Wednesday, March 6, 2013

More Networking

If you are one of the few people that bother to follow this blog you will have noticed that the activity has picked up recently. I'm making an effort. However, I must admit that I am not able to do the sort of well polished and crafted posts that used to be common here. Back in the day, when I first started at Messiah, I had a half-time Administrative Assistant and a half-time Lay Pastoral Associate. As a result I was able to spend a lot more time in my office at my computer thinking and reading and writing. These days I spend less time in my office and more time out and about either running errands for the church or attending meetings or simply working from home. The leaflet, alone, represents about a full-day's work, but I mostly do it at night (usually Thursday night) because that's one of the best times for me to get uninterrupted time at my computer. Here is the leaflet from Lent 3, to give you a sense of the sort of thing I'm creating in my basement at 1 AM.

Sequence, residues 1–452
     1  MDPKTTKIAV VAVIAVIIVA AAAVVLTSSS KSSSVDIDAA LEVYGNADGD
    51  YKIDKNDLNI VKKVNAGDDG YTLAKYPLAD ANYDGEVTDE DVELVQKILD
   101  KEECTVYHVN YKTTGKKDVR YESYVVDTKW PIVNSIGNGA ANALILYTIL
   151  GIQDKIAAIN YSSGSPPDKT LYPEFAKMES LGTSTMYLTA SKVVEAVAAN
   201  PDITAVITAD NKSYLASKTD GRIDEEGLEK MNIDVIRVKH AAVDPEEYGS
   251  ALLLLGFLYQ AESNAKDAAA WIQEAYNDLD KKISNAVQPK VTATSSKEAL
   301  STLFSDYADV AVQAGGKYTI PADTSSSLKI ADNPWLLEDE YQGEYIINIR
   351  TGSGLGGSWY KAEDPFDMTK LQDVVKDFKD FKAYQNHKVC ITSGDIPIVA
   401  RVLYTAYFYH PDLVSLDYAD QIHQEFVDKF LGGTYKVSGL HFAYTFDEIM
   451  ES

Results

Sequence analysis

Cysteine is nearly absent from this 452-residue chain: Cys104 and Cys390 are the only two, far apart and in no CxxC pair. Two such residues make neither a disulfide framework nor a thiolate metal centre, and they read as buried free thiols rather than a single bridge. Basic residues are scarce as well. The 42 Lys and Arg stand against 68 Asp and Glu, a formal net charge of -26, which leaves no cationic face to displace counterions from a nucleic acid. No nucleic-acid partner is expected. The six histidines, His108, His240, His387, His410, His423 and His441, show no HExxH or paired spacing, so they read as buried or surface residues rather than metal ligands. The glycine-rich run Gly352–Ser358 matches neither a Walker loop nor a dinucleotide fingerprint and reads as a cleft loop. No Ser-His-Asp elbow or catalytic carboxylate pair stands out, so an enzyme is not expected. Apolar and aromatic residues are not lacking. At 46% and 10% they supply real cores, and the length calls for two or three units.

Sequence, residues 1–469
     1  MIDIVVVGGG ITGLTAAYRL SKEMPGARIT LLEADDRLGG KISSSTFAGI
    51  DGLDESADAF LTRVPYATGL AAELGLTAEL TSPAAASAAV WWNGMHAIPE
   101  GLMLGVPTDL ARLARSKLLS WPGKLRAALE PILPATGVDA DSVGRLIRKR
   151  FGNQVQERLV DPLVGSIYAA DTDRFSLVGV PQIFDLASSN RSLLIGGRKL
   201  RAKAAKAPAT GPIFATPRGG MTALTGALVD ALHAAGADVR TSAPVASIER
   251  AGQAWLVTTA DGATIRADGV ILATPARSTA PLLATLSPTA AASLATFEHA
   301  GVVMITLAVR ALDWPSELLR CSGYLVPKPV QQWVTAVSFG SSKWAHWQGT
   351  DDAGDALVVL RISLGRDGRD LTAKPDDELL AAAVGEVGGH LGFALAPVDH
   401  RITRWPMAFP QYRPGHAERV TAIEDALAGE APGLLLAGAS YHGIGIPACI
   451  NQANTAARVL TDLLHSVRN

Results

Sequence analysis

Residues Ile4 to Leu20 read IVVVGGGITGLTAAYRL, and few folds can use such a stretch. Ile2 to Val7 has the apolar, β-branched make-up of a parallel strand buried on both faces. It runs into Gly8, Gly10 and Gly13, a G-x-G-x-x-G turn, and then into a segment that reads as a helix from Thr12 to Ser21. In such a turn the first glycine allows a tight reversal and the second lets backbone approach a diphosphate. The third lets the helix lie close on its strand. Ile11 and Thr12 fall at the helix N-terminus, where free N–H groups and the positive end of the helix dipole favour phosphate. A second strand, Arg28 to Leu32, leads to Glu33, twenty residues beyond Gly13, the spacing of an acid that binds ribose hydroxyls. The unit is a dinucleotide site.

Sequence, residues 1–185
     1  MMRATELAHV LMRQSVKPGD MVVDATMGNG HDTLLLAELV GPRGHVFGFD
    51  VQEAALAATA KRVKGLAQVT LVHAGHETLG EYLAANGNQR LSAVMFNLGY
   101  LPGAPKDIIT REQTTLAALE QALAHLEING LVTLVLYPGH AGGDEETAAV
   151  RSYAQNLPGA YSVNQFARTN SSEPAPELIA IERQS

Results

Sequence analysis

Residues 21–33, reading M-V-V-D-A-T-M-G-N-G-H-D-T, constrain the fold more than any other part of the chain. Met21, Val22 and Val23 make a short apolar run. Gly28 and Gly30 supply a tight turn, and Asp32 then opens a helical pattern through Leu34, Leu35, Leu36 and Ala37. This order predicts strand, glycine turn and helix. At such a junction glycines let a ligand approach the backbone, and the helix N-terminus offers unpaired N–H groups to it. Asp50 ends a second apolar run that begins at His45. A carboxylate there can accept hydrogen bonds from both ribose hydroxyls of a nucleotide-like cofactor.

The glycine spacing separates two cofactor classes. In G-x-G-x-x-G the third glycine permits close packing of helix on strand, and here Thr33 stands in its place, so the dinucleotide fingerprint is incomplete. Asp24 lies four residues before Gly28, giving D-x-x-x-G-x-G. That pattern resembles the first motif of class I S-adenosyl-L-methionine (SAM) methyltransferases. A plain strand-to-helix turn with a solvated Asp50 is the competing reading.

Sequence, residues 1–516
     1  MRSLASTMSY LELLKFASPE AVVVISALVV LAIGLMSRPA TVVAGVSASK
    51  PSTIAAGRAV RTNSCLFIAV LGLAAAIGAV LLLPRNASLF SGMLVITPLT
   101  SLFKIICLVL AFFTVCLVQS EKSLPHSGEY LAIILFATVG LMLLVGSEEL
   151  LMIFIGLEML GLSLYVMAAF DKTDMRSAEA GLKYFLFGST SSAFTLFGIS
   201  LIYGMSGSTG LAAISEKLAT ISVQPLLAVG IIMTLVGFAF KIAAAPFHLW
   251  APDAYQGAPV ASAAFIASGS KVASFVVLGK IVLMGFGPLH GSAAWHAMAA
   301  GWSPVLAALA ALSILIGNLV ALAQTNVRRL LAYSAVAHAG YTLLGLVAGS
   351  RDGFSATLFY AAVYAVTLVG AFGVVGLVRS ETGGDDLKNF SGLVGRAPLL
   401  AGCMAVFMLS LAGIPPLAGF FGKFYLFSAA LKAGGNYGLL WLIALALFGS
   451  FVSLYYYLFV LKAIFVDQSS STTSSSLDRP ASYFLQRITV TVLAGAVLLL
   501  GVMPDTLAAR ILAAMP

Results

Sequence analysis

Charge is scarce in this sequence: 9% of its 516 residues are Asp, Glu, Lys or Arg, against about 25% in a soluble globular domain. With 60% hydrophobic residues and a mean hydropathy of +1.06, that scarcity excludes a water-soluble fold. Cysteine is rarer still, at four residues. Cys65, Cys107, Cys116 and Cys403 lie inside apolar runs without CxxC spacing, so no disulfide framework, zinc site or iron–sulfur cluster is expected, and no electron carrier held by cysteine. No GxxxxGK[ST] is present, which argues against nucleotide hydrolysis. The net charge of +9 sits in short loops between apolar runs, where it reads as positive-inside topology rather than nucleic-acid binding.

I'm sure that a professional designer would have lots of improvements to suggest to increase readability and to be attractive, but it's not bad for the work of a amateur who is totally self-taught when it comes to InDesign. This leaflet is obviously designed to be much more than a crutch to bridge the gap between Prayer Book, Bible, and Hymnal. I'm actually trying to do some teaching through this thing, as you can tell from the exegetical margin notes next to the scripture readings. When I have more time I'll often add material about the origins of well-known hymns and other things.